Friday, February 12, 2016

Coursera Dog Emotion and Cognition

Always exciting to keep on learning, and one of the keys to happiness. Initially I found the blandly repetitive and childishly excited tone of the lectures rather off-putting, and was irritated by book/dog personality testing advertising every lecture. Thanks to the discussion section comments showing that others had the same impression, and meeting a fellow Brit on the course, I maintained my motivation to actually get to the doggie parts from round about lectures 4 onwards, which was the true reason I joined. I whipped through to the end in an intense frenzy of study to free me up from the personae of Dr. Hare, who heroically and single-handedly barrels through the content with his unique labrador puppy style. I do like a lot of what he was trying to say though, and deflected the energy with multi-tasking on discussion boards as I watched videos (mental note to be more lenient of students who are "not listening" in f2fclasses in future)...Having passed, in retrospect I particularly liked the course ideas of cognition and intelligence as a spectrum of skills.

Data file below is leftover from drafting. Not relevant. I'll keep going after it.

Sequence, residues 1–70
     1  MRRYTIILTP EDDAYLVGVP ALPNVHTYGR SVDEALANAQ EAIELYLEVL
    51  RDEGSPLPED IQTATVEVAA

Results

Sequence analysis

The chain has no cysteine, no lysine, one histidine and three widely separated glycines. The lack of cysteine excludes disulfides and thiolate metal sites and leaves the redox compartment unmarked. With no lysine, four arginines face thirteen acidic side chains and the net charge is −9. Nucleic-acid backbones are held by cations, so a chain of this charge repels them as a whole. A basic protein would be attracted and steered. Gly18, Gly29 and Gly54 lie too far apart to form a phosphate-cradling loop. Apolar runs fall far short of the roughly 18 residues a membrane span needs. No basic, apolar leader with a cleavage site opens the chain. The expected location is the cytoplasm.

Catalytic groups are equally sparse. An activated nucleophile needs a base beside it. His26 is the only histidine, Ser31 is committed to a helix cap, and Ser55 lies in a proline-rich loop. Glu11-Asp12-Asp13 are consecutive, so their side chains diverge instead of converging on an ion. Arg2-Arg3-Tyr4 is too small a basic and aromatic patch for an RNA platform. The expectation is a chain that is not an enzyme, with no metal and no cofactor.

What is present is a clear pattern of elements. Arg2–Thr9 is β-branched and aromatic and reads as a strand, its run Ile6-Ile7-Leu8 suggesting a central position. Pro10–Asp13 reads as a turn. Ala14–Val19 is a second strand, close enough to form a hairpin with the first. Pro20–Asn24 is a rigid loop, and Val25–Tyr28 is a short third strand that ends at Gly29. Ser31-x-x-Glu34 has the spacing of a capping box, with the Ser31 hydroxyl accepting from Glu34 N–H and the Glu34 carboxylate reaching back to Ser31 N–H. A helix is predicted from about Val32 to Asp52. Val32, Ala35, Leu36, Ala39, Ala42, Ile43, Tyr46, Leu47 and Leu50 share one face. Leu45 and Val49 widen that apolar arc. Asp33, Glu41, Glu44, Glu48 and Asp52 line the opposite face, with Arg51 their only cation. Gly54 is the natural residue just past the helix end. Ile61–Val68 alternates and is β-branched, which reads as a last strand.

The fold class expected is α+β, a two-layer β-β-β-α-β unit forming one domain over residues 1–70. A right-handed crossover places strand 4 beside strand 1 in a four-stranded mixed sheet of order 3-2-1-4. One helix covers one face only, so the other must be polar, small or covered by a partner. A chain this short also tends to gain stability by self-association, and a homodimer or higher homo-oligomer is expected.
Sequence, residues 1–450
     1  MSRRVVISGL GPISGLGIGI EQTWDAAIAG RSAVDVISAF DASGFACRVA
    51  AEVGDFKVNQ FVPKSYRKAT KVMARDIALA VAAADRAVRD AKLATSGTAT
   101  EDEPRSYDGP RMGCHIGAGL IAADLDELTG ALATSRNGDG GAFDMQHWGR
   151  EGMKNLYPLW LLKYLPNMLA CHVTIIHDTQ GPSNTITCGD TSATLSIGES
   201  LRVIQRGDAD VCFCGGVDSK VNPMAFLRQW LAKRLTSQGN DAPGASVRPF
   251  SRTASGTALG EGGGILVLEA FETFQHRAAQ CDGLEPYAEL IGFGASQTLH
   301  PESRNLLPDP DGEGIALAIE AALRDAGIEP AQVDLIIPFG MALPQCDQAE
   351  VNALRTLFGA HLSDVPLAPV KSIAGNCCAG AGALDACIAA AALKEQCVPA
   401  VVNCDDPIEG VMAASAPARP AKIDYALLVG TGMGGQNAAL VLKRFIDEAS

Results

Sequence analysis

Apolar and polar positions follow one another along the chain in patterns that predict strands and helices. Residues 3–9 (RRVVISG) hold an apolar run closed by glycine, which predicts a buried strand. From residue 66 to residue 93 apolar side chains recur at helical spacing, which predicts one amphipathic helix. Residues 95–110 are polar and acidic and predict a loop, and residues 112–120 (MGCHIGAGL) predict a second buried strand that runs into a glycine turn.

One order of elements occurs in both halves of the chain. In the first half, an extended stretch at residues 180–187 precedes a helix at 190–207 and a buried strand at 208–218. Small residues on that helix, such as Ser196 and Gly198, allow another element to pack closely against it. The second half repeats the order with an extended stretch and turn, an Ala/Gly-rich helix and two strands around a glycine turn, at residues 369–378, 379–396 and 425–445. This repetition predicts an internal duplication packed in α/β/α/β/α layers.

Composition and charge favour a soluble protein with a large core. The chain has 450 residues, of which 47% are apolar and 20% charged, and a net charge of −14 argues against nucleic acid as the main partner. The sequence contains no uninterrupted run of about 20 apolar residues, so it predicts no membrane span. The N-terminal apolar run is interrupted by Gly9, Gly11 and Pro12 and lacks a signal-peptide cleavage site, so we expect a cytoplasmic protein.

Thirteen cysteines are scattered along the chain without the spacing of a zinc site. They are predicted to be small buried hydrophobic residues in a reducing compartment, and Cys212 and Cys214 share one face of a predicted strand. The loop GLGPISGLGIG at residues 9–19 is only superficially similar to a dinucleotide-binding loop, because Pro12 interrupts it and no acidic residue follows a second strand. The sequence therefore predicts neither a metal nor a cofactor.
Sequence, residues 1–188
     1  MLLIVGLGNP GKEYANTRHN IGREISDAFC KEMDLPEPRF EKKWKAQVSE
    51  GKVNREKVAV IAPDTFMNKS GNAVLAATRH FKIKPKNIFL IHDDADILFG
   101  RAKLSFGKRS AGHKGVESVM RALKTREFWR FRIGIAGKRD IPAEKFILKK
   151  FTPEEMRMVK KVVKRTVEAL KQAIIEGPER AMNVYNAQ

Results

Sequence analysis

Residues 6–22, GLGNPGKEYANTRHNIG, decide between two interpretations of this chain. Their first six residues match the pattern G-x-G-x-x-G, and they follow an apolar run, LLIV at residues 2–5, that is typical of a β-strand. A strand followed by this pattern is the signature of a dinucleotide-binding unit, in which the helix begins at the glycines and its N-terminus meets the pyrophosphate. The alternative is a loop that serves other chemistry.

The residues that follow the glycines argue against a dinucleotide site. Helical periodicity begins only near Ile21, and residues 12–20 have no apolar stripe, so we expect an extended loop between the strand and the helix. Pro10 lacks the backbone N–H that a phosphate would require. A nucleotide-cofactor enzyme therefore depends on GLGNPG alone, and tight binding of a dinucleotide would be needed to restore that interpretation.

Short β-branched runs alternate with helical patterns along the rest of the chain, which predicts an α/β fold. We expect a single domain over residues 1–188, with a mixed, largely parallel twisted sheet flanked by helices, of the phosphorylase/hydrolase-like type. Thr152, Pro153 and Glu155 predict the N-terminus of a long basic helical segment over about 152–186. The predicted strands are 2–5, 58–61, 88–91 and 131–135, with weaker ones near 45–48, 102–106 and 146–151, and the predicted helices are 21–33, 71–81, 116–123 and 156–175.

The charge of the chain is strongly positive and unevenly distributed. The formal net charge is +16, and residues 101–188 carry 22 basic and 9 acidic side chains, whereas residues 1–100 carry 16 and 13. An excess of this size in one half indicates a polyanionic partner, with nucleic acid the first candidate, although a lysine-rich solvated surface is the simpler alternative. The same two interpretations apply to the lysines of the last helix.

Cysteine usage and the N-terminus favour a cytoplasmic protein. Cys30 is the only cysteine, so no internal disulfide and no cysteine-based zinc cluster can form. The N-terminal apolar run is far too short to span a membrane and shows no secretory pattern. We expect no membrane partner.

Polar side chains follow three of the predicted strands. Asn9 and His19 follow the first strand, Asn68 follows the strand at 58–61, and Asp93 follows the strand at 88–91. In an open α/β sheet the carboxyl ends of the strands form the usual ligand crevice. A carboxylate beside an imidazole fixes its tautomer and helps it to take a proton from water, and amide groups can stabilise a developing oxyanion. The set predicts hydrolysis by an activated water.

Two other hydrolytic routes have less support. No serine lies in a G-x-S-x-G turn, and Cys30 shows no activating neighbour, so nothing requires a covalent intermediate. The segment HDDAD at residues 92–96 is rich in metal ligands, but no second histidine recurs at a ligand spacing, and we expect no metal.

Interestingly most doggie research shown on the course has the funding because it's about researching human evolution from apes through the medium of evolution of dogs from wolves, not for an interest in the animals themselves. Talk about human narcissism. 

Doing outside research on some of the ideas from the course was most stimulating, and I found an interesting selection of talks at 

CARTA: Domestication: Transformation of Wolf to Dog; Fox Domestication; Craniofacial Feminization.  One course discussion thread led me to a great TED talk on Bonobo culture by Susan Savage-Rumbau. I appreciate the way she talks about embracing another culture, rather than seeing bonobos as some kind of mirror tool to reflect on our evolutionary history. I notice she enthusiastically kisses her bonobo friend after playing music together...

That's why I like Patricia McConnell's books so much, because she helps you understand dog culture and cognition from the dog perspective. 
I respect my dogs as intelligent mindful animals who help create a unique family culture with me in my home, neither doggie nor ape, but just us family together :) I believe this leads us to grow individually, and also to grow together, so that you assimilate traits, learning so much from your dogs (and who would not wish to learn from such beauty, the gifted English setter, thinks a fond mama). In the same way I am some unique blend of Japanese and Brit by now, neither fox nor hare. A Brap, perhaps?

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